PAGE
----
"This excellent scholarly volume includes enlightening history as well as analyses of present realities and the future of American Indian communities and economies. . . . This is a valuable volume for Native American studies collections and for those interested in the economic opportunities of today's Indian tribes, including business, government, and tribal leaders. Summing Up: Highly recommended."—Choice, August 1, 2012
"Robert Miller delivers first-rate advice on the politics, law, and economics of reservation development. Indian nations — indeed, all nations — can learn from this book's insights. . . . Robert Miller has pulled together an impressive range of scholarly theory, real world experiences of Native leaders, and data. As a result, this book provides a mountain of sound advice to tribal, state and federal policymakers. The advice is delivered without apology by an author who lives and respects his subject."
—Professor Joseph P. Kalt, Co-Director, Harvard Project on American Indian Economic Development
Miller's Reservation "Capitalism" is a manifesto of big-picture thinking about the problem of the 21st century for Indian country -- diversifying and growing reservation economies. Miller brings together law, history, economics, and culture in a brilliant work that speaks to Native and non-Native policymakers and lawyers as much as it does to scholars.
—Matthew L.M. Fletcher, Professor of Law and Director of the Indigenous Law and Policy Center, Michigan State University College of Law
"Robert Miller's Reservation Capitalism promises to be the definitive book on Native American entrepreneurship. This is both a legal and policy primer on the impact of financing contemporary business in Indian Country. Perhaps, the most original and significant impact of the book is the early and historic treatment of more than four-hundred years of interaction between the two cultures culminating in the twenty-first century economic and technological changes on reservations. Professor Miller examines the fiscal and economic tools that tribes can -- and indeed must -- use to help their people reach the level of economic prosperity that will help the Indian Nations sustain their lives, families, communities, cultures and economies."—Rennard Strickland, Phillip Knight Distinguished Professor of Law and Dean Emeritus, University of Oregon and Senior Scholar in Residence, University of Oklahoma, Law Center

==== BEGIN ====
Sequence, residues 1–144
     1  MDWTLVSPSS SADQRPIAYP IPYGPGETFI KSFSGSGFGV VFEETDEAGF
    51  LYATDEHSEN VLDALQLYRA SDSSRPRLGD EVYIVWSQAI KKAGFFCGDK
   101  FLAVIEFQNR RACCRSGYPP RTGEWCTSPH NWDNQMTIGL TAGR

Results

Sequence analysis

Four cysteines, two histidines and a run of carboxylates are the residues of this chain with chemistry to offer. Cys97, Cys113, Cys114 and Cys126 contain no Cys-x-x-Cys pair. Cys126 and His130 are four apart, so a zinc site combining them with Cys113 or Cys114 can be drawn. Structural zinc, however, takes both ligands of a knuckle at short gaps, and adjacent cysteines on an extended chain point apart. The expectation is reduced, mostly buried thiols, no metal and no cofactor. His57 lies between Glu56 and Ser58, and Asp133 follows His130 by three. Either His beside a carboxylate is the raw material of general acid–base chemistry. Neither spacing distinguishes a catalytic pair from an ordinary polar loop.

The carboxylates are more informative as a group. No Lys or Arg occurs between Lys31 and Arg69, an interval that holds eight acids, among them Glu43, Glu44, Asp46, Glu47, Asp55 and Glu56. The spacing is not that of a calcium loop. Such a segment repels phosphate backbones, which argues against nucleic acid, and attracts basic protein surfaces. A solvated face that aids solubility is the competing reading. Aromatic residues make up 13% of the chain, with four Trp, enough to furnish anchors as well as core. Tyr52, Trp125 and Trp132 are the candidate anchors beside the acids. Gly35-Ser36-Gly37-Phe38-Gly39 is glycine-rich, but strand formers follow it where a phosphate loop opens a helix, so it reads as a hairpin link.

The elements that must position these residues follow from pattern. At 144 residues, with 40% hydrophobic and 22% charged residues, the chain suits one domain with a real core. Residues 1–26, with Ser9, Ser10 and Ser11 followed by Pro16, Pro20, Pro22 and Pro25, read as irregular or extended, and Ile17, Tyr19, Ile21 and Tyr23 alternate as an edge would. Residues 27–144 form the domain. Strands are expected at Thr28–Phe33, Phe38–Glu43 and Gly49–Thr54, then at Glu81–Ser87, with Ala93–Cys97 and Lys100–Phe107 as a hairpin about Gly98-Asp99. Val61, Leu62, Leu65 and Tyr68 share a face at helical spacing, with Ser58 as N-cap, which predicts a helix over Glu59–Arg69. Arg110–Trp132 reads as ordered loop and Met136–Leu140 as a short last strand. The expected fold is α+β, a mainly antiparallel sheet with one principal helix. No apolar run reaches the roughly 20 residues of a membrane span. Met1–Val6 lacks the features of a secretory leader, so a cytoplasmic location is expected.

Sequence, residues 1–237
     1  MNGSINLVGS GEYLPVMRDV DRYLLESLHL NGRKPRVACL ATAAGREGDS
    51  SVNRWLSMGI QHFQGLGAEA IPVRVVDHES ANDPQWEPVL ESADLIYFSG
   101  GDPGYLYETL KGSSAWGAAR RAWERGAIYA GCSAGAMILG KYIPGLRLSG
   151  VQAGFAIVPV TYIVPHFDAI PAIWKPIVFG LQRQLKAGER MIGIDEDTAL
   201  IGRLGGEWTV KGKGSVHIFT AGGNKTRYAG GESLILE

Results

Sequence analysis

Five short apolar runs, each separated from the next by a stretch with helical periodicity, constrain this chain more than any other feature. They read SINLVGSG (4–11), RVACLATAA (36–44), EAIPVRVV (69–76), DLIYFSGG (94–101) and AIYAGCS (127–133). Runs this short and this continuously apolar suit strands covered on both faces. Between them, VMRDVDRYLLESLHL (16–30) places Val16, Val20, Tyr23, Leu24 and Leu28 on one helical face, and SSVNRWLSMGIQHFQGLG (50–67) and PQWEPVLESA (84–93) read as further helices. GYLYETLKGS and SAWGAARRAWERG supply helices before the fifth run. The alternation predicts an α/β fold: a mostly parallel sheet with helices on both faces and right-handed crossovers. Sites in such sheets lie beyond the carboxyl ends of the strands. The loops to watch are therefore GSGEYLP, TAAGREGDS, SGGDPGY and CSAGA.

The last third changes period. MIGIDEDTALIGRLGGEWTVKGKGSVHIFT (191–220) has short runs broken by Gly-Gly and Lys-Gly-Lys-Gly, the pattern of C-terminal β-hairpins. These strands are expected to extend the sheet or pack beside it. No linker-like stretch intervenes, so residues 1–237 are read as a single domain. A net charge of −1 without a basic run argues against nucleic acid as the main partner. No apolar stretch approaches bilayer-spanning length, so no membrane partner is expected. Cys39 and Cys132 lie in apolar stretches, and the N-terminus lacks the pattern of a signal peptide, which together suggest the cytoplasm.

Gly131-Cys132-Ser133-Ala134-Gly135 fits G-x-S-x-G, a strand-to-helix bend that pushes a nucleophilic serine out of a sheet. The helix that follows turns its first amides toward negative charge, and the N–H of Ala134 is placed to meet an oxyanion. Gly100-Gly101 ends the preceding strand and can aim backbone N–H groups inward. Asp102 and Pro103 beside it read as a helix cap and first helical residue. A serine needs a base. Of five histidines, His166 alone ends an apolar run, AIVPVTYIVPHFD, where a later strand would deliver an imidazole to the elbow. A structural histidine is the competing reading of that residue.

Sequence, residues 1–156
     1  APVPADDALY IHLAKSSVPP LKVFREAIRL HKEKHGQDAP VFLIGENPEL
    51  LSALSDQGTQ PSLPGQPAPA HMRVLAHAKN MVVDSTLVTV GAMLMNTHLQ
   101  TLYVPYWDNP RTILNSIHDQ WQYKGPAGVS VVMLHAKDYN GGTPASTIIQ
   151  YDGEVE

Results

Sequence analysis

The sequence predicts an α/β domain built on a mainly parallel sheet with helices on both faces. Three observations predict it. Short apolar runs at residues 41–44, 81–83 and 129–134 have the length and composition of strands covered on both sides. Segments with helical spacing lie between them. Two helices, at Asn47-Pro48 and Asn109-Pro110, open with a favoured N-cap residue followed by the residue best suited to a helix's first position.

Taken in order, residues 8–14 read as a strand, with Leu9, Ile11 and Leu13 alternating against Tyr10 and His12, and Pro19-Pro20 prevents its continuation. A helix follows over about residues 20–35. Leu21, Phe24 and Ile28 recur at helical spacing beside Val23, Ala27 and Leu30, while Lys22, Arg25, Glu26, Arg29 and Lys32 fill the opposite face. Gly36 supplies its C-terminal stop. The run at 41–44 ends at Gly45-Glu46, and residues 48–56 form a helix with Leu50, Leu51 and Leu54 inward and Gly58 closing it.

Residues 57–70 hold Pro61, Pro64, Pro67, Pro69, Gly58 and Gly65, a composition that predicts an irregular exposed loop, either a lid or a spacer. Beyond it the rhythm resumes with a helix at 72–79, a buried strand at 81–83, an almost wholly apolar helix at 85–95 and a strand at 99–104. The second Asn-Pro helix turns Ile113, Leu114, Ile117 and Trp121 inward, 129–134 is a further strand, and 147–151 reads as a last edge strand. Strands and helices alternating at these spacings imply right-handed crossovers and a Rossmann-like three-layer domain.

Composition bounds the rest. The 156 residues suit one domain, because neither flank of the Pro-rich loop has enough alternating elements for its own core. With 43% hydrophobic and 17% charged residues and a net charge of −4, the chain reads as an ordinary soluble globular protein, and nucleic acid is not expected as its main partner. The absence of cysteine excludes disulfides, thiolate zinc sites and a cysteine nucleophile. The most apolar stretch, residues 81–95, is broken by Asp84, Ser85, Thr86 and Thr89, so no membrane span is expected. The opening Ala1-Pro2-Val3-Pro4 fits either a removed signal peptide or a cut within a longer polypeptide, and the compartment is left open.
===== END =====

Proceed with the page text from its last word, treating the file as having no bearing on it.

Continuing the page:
"A remarkable book portraying the history of native peoples of North America and their struggles to maintain their century-long principles of entrepreneurship and profit-driven ventures under severe political and social atrocities. The author provided an excellent explanation of the primary events that changed the century-long existence of North American Indian people and the loss of their natural resource assets.
Today, as the author summarized, through self-determination, tribes are finding their true benefits of commerce to meet their community needs.
This book is good reading for the scholar or the layperson that understands little about Indian people."
—Stanley M. Speaks, Regional Director, Northwest Regional Office, Bureau of Indian Affairs